It reminds us of this video making the rounds on the Internet last week showing a little girl staring down an African lion with a thick pane of glass separating them.

The above video may be a little less entertaining, but it's hard to top a lion pawing at a little kid. This time the dog is pawing at a sea lion, which seems desperate for a four-legged companion. Definitely a strange encounter.

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Hilarious fishing animation video
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Saturday, January 14, 2012

A crow goes snowboarding down a snowy roof

Shaun White might be the snowboarding king, but even he will appreciate the ability of this first-time snowboarder snowboarding down the side of a roof.

At least we're presuming the crow is a first-time snowboarder.

Yes, that's right. A crow. A black crow. A snowboarding crow. If you don't believe us, we'll eat, uh, crow.

See for yourself:

See, we told you it was a snowboarding crow. Or a snowboarding bird, if you prefer. Or as someone else put it, crowboarding. Or a sledding crow.

For those who are video impaired, this is what happened on the YouTube video: The crow used a circular snowboard to slide down the side of the roof. The bird picked up its snowboard and flew back to the top of the roof and tried a different route, only to be thwarted because of a lack of snow.

The bird picked up the snowboard and flew back to the top of the roof. Then, the crow went sliding down the same route as the first time, and with great success we might add. It again picked up the snowboard and returned to the top of the roof. From there, the bird picked up the weird-looking snowboard and flew off to join Shaun White & Co. at an unknown ski resort.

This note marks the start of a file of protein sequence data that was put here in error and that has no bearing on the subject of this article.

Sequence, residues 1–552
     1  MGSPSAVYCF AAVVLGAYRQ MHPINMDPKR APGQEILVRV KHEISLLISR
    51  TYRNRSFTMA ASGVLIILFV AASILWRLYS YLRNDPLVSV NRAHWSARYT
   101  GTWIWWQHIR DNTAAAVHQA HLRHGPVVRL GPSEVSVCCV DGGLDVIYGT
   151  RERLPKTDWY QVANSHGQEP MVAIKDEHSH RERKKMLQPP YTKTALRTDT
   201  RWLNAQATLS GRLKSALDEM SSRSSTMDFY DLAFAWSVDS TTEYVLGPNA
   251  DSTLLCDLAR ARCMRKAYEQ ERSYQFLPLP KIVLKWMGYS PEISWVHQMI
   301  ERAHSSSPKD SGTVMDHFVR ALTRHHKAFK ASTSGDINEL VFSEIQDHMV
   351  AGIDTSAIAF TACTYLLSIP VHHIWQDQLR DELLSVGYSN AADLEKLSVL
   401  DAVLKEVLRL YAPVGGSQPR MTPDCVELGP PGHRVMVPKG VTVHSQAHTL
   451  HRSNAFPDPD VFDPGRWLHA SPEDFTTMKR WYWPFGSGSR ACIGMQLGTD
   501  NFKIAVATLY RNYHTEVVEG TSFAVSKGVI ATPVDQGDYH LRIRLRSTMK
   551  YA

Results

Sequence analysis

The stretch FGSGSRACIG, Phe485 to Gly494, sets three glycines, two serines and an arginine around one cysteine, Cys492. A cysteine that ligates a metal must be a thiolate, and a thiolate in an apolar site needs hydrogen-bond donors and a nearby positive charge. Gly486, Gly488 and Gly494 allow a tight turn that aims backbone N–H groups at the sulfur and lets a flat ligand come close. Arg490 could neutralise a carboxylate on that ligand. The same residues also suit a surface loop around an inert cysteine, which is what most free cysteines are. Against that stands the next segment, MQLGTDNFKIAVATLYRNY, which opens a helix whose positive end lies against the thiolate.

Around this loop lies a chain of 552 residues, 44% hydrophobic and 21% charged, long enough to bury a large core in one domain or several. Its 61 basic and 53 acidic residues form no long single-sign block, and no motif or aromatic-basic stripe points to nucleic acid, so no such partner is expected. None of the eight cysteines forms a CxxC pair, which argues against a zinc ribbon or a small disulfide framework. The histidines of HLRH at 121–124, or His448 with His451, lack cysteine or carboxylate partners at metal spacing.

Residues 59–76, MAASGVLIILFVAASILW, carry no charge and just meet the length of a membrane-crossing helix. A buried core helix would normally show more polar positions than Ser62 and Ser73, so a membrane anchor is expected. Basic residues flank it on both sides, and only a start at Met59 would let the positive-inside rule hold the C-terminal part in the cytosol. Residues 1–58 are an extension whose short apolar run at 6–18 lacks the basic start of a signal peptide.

Near as we can tell, this was shot somewhere in Russia, considering the nyet used in the conversation by one of the kids. The children and parents were watching and laughing -- and videotaping -- from a window.

BTW, take care of that cough, little guy. And keep those snowboarding crow videos coming.

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A little girl stares down a lion: see the video!
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Friday, January 13, 2012

Epic surfing video: Big-wave surfers captured in slow motion at Billabong event

The reviews are in, the people have spoken, and the verdict is pretty much unanimous. The epic surfing video by world-renowned, award-winning cinematographer Chris Bryan posted at MPORA Pure Action Sports is absolutely must-see.

Don’t take our word for it, see what the critics are saying in the comments posted Friday below the video entitled “Biggest Teahupoo Ever”: